Sunday, 2 October 2016

Can Massage Help With Neuropathy Symptoms?

Today's post from (see link below) is directed towards neuropathy patients who have nerve damage thanks to chemotherapy treatment but there is no reason at all to suggest that this form of treatment and the study thereof, can't also apply to all neuropathy patients suffering with the same symptoms. This is the key to researching neuropathy on the internet - you should never ignore articles ostensibly directed towards a particular disease when it comes to nerve damage. Once you have neuropathy, all treatment information is useful. That said, the conclusions of this study are pretty thin and although massage seems a very attractive treatment to most neuropathy sufferers, there's very little evidence to suggest that it really can reduce symptoms to any great extent. However, massage certainly may help you feel better and along with acupuncture, may well be worth a try if your medications aren't producing the goods (as most of them don't).

Massage Therapy May Reduce Chemo-induced Peripheral Neuropathy
Massage therapy may reduce peripheral neuropathy symptoms among patients receiving neurotoxic chemotherapy, according to a study presented at the 2016 Palliative Care in Oncology Symposium.1

Chemotherapy-induced peripheral neuropathy (CIPN) is known to negatively affect quality of life and can necessitate dose reductions of anticancer drugs. There is, however, no consensus of an effective strategy to improve CIPN. For the present study, researchers evaluated massage therapy as primary prevention and as a treatment option for CIPN.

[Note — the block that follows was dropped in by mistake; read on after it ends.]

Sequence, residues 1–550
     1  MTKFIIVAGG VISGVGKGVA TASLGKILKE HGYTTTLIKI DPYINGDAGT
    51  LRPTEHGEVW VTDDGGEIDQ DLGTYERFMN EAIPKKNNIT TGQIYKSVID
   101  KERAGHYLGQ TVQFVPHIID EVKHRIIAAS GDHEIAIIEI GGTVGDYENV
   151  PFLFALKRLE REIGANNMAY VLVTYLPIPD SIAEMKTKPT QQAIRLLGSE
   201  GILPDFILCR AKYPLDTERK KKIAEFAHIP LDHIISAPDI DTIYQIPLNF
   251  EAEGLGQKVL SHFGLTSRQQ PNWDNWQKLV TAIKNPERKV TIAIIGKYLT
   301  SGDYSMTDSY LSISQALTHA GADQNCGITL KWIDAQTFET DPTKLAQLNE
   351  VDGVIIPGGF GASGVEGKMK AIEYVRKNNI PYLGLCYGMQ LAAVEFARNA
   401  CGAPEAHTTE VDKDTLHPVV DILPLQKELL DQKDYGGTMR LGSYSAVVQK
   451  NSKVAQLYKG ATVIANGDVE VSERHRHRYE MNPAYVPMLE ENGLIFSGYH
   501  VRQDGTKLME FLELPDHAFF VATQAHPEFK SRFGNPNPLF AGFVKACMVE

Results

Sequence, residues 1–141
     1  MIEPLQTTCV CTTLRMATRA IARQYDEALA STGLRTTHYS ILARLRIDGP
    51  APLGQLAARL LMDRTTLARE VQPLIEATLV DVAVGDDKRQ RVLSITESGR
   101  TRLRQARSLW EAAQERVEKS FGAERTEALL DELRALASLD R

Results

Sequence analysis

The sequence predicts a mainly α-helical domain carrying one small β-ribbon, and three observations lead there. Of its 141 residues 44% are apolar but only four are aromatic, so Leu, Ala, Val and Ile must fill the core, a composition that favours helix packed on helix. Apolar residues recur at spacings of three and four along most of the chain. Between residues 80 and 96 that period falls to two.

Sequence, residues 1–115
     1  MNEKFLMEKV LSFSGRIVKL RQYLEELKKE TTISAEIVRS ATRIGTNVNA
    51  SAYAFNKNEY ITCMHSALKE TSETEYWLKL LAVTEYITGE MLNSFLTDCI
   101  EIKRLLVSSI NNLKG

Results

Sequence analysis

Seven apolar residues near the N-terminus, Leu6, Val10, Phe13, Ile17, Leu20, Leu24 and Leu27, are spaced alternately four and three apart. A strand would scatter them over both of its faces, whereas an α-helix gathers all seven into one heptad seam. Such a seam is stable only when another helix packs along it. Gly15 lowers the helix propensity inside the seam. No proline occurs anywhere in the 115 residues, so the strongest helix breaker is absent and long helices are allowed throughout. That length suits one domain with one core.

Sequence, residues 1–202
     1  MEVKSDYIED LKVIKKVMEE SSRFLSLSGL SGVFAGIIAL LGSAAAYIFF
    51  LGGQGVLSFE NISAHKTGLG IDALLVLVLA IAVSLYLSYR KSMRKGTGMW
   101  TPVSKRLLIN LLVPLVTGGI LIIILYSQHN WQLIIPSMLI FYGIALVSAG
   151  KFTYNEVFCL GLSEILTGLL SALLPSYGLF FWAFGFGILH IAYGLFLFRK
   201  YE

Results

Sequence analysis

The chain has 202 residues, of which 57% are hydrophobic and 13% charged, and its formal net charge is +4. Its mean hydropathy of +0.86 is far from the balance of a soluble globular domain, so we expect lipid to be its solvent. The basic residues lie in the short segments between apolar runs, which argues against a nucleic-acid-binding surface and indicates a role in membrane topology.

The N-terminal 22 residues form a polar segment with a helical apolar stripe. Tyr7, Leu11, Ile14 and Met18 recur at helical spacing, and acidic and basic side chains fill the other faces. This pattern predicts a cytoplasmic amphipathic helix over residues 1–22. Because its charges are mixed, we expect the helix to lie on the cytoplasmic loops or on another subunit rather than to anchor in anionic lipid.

For this prospective study, investigators enrolled 62 patients receiving cytotoxic chemotherapy. All participants underwent 2 massage therapy sessions; CIPN was measured using a validated survey instrument at baseline, after the first session, and after the second session.

Nearly all patients reported at least 2 CIPN-related symptoms. The most common symptoms were numbness and tingling of feet, numbness and tingling of feet, feeling weak all over, trouble walking, and joint pain or muscle cramps.

After the first massage therapy session, between 52% and 100% of patients reported improvement in CIPN-related symptom categories. Improvement in CIPN-related symptoms, with the exception of vestibulocochlear symptoms, continued from the first session to the second session of massage therapy.

Among the 25 patients initially prescribed analgesics, 56% had no progression of CIPN-related symptoms following the first session of massage therapy. After the second session, 38% of the 13 presenting patients reported no progression of symptoms, and 31% reported complete symptom resolution. Nearly one-third had symptom progression.

The findings suggest that clinicians should consider incorporating massage therapy as an approach to improving CIPN.
  1. Menendez AG, Cobb R, Carvajal AR, et al. Effectiveness of massage therapy (MT) as a treatment strategy and preventive modality for chemotherapy-induced peripheral neuropathy (CIPN) symptoms. Poster presented at: 2016 Palliative Care in Oncology Symposium; September 9-10, 2016; San Francisco, CA.

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